Laser ablation is well known in medical applications like dermatology and dentistry, and for more than a decade it has been used to vaporize materials that are difficult to evaporate for high-tech applications like deposition of superconductors. Now researchers in the Journal of Applied Physics, which is published by the American Institute of Physics have studied the properties of femtosecond laser ablation plumes to better understand how to apply them to specialized films.
Salvatore Amoruso at University of Naples, Italy and colleagues examined the expansion dynamics of various ultrashort laser ablation plumes and the basic properties of the complicated ablation process in which some material is vaporized in the form of plasma and some in the form of nanoparticles. The team studied the shapes of both the plasma and nanoparticle plumes, which are important for pulsed laser deposition of nanoparticle films.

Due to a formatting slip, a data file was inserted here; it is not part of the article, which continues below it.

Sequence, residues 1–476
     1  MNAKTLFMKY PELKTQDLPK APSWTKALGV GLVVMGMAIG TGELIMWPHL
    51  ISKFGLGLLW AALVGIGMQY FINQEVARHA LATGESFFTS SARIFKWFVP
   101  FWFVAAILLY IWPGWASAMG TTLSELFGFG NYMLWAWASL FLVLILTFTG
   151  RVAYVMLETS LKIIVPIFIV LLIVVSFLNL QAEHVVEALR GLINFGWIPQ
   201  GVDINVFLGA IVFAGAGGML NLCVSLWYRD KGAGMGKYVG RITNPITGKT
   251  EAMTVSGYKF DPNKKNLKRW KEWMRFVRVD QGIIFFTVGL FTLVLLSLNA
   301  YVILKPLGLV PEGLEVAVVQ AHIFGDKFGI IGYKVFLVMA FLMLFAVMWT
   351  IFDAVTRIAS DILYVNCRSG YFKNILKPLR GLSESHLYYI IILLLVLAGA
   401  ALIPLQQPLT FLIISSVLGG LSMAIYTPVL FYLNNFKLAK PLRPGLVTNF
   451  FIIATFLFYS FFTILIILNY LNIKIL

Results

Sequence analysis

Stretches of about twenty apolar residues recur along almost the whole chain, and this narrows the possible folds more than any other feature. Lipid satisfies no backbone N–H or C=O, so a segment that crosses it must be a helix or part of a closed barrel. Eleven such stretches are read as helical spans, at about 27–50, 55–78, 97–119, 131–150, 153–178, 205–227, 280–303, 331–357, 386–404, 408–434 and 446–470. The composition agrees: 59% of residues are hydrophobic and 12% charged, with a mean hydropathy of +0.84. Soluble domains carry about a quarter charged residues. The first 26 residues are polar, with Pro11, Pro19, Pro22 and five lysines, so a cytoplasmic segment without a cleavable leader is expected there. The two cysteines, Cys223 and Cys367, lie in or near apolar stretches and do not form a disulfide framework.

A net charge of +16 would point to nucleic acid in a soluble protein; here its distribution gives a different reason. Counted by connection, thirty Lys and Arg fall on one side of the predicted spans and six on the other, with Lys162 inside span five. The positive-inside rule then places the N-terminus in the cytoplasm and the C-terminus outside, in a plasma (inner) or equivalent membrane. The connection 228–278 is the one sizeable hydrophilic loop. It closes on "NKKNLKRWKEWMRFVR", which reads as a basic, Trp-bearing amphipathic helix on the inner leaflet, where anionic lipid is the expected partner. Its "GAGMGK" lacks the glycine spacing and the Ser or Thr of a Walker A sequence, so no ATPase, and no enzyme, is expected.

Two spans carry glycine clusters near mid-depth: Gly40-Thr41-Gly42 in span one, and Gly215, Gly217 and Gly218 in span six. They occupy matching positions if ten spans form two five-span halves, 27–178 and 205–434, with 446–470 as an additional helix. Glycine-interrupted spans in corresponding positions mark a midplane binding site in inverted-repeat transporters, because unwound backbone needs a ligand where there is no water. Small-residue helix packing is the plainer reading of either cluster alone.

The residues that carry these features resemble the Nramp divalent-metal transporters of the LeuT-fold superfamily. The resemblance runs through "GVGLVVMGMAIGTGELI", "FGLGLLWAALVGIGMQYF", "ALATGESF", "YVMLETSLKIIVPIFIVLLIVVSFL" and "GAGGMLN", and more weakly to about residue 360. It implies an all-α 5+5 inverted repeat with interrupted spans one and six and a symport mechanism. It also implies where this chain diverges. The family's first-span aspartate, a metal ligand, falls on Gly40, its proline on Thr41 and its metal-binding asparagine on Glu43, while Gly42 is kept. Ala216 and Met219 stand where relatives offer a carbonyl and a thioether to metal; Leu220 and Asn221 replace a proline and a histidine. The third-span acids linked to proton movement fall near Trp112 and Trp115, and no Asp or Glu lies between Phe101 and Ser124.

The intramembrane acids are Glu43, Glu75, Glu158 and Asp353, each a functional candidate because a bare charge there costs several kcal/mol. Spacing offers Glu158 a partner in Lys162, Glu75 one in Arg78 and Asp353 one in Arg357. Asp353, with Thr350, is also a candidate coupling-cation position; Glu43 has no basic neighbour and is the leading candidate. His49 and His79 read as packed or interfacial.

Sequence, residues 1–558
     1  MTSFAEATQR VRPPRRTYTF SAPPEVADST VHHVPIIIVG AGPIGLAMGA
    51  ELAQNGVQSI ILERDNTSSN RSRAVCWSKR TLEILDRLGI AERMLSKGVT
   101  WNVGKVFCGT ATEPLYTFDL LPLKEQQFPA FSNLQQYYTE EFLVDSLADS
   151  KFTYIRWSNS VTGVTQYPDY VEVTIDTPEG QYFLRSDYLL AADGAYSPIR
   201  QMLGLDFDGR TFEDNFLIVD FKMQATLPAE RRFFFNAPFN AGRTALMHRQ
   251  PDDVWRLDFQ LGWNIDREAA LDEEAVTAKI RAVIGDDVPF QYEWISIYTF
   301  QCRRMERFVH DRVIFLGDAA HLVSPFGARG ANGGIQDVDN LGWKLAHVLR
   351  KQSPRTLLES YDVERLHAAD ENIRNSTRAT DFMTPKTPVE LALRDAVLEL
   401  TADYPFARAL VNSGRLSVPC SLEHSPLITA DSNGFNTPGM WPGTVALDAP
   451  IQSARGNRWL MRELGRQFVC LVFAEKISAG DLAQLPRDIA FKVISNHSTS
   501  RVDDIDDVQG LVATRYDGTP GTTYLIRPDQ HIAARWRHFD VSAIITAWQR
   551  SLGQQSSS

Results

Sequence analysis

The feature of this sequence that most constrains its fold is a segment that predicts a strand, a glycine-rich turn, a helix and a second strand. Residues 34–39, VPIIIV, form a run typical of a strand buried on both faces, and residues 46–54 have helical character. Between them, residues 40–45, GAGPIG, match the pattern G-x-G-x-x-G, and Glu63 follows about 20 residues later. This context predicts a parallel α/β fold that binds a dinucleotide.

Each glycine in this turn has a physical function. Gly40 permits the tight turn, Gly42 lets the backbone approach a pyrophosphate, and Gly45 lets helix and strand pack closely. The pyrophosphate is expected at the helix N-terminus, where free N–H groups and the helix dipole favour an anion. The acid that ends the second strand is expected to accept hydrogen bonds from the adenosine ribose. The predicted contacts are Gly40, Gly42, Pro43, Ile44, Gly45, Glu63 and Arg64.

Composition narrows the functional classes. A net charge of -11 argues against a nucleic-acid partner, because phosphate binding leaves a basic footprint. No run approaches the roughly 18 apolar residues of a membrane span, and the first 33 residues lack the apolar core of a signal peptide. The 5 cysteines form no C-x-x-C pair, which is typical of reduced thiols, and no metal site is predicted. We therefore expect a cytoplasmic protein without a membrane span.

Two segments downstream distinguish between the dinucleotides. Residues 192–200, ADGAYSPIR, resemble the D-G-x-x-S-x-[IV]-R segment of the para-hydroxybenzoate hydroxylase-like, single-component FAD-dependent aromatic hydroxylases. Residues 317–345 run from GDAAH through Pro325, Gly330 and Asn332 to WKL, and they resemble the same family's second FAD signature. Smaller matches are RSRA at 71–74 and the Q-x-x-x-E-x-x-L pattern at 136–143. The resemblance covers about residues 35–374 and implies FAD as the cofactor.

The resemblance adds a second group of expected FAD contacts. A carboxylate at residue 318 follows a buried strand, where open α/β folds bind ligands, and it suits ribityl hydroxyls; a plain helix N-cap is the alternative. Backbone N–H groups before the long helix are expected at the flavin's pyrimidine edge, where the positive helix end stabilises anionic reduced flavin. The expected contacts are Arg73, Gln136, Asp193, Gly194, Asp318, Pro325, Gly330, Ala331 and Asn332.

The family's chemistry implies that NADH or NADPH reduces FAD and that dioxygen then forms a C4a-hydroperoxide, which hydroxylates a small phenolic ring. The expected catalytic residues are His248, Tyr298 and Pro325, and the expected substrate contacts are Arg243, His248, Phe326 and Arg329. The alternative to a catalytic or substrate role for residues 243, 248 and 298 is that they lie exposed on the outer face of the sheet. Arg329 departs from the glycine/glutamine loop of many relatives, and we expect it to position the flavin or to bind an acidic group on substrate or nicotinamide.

Nanoparticle silver and gold films made by pulsed laser deposition are useful for optical applications such as surface-enhanced Raman spectroscopy. Nanoparticle films of transition metals such as iron, nickel, or cobalt may be used to catalyse the growth of carbon nanotubes.
"We can understand our results in terms of some existing models of plume expansion," says co-author James Lunney at Trinity College Dublin, Ireland. "We also see evidence that the pressure in the plasma plume has an influence on the expansion of the nanoparticle plume. Analysis of these expansion dynamics may also improve our physical understanding of the overall ablation process."
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